Olia Lialina / Something for Everyone
Bill’s PC is honoured to present Something for Everyone, a solo presentation of work by Olia Lialina.
Something for Everyone (2017) consists of four small advent calendars, which have been customised and manufactured by a print-on-demand service in Germany. Each year, Olia’s husband - Dragan - orders a calendar for each of the four members of their family. Working within the at-hand material conditions of the internet, he searches for images online, selecting those which he decides would be likely to make each of them happy. These found images are then ripped from their initial contexts and added to the cardboard calendars using the print-on-demand service option for ‘image customisation’.
Exhibiting the empty advent calendars from 2016 as readymades, Lialina presents a cross-section of her family’s taste. Through presentation of these private family objects within contemporary art and gallery contexts, Lialina intends to point towards the power of cultural industries, the pervasive nature of images, and their transformations through niche markets. The title of the work is borrowed from Adorno’s essay The Culture Industry; “something is provided for all so that none may escape”; whilst also alluding to Tim Berners-Lee’s "This is for everyone”.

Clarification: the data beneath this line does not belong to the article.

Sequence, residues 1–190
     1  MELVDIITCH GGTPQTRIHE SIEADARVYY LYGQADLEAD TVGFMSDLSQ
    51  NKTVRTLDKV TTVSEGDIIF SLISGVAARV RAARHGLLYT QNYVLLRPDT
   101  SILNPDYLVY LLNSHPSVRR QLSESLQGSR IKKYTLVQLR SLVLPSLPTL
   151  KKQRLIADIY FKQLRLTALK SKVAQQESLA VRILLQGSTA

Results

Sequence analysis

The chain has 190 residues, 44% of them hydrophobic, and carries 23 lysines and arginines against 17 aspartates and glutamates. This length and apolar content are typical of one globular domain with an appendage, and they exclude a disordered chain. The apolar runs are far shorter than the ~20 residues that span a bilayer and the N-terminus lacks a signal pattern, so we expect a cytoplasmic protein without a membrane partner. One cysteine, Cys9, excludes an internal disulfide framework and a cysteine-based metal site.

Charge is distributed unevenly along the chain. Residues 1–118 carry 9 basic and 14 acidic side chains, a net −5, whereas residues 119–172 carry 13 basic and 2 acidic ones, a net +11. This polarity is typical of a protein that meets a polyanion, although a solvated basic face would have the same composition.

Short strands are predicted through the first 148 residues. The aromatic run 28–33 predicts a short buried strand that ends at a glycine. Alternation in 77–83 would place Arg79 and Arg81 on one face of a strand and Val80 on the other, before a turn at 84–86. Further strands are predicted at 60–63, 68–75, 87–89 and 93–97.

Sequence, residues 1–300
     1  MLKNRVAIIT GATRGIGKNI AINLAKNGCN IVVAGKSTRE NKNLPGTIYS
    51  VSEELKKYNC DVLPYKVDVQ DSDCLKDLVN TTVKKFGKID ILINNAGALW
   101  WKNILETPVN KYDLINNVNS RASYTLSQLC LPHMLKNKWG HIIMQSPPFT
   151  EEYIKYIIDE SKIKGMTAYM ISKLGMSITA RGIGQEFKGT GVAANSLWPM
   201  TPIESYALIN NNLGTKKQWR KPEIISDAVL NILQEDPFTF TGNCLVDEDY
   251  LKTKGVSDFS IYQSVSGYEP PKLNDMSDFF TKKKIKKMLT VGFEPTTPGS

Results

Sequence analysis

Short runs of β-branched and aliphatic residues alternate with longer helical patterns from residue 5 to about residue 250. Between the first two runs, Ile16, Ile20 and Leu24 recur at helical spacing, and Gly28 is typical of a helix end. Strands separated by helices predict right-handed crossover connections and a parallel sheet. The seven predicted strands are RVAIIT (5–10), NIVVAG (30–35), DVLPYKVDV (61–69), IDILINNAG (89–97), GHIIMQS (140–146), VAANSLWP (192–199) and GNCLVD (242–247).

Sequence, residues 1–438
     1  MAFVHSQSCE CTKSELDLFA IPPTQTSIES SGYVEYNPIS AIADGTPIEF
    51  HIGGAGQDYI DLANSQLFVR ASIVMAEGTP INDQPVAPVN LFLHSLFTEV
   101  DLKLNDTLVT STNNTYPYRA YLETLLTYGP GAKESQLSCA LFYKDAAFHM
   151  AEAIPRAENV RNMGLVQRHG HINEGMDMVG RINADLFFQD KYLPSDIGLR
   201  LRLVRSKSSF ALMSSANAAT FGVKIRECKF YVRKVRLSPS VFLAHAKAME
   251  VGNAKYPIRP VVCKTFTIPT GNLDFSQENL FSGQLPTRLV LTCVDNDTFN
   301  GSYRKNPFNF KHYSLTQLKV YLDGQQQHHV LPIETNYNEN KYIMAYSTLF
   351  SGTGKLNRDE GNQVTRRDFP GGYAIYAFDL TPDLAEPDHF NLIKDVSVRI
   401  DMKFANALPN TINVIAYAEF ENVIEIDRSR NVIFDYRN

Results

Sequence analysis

Born in Moscow (1971) and now based in Germany, Olia Lialina is a network-based art pioneer, frequently cited among the most celebrated and best-known participants in the 1990s net.art scene. Her continuous and close attention to Internet architecture, "net.language" and vernacular web - in both artistic and publishing projects - has made her a significant figure across contemporary art practice and new media theory.
Her work has been exhibited extensively both online and at in-person venues, including the New Museum, New York; Museo Tamayo, Mexico City; Transmediale, Berlin; Western Front, Vancouver; and/or, Dallas/LA; Walker Art Center, Minneapolis; ABC Gallery, Moscow; ZKM, Karlsruhe; Madison Square Park, New York; Barbican, London; LEAP, Berlin; MOTI, Breda; HEK, Basel; The Kitchen, NY; and Whitechapel Gallery, London.
She is cofounder and keeper of the One Terabyte of Kilobyte Age archive and a professor at Merz Akademie in Stuttgart, Germany.